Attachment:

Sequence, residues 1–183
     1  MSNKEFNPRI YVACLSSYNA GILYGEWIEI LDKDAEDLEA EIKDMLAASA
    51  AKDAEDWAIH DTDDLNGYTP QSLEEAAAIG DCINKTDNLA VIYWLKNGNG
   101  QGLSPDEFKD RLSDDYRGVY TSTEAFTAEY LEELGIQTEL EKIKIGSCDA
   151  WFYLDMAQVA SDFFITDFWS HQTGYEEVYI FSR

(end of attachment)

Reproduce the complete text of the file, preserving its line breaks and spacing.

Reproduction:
Sequence, residues 1–183
     1  MSNKEFNPRI YVACLSSYNA GILYGEWIEI LDKDAEDLEA EIKDMLAASA
    51  AKDAEDWAIH DTDDLNGYTP QSLEEAAAIG DCINKTDNLA VIYWLKNGNG
   101  QGLSPDEFKD RLSDDYRGVY TSTEAFTAEY LEELGIQTEL EKIKIGSCDA
   151  WFYLDMAQVA SDFFITDFWS HQTGYEEVYI FSR